The Journal of Arthroplasty, Volume 35, Issue 1, 116 - 120

Higher Activity Level Following Total Knee Arthroplasty Is Not Deleterious to Mid-Term Implant Survivorship

Crawford, David A. et al.
Knee

Background

The impact of a patient’s activity level following total knee arthroplasty (TKA) remains controversial, with some surgeons concerned about increased polyethylene wear, aseptic loosening, and revisions. The purpose of this study is to report on implant survivorship and outcomes of high activity patients compared to low activity patients after TKA.

Methods

A retrospective review identified 1611 patients (2038 knees) that underwent TKA with 5-year minimum follow-up. Patients were divided in 2 groups based on their University of California Los Angeles (UCLA) activity level: low activity (LA) (UCLA ≤5) and high activity (HA) (UCLA ≥6). Outcomes included range of motion, Knee Society scores, complications, and reoperations. Parametric survival analysis was performed to evaluate the significance of activity level on survivorship while controlling for age, gender, preoperative pain, Knee Society clinical scores, Knee Society functional scores, and body mass index (BMI).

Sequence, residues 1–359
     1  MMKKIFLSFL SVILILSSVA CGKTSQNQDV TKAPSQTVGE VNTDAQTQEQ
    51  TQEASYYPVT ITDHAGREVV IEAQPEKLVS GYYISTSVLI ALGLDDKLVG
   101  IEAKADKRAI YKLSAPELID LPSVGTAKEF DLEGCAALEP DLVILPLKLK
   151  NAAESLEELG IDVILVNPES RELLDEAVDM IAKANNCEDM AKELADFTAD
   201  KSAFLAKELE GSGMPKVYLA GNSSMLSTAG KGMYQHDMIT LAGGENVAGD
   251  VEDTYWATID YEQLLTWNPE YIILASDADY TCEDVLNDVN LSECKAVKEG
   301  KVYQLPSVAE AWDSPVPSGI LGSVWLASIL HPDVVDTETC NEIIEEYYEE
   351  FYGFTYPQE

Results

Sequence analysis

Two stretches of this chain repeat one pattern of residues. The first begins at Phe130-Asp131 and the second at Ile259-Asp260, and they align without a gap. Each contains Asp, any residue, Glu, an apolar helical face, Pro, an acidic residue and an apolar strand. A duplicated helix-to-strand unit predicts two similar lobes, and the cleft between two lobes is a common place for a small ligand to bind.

Results

Mean follow-up was 11.4 years (range 5.1-15.9). The LA group had significantly more female patients, were older, had higher BMI, and had lower functional scores preoperatively (all with P < .001). The HA group had significantly higher improvements in Knee Society scores (P < .001) and pain postoperatively (P < .001). Revisions were performed in 4% of the LA group and 1.7% knees of the HA group (P = .003). After controlling for age, gender, preoperative pain, Knee Society clinical scores, Knee Society functional scores, and BMI, a higher postoperative activity level remained a significant factor for improved survivorship with an odds ratio of 2.4 (95% confidence interval 1.2-4.7, P = .011). The all-cause 12-year survivorship was 98% for the HA group and 95.3% for the LA group (P = .003). The aseptic 12-year survivorship was 98.4% for the HA group and 96.3% for the LA group (P = .02).

Conclusion

Highly active patients had increased survivorship at 5-year minimum follow-up compared to lower activity patients after TKA. Patient activity level after TKA may not need to be limited with modern implants.

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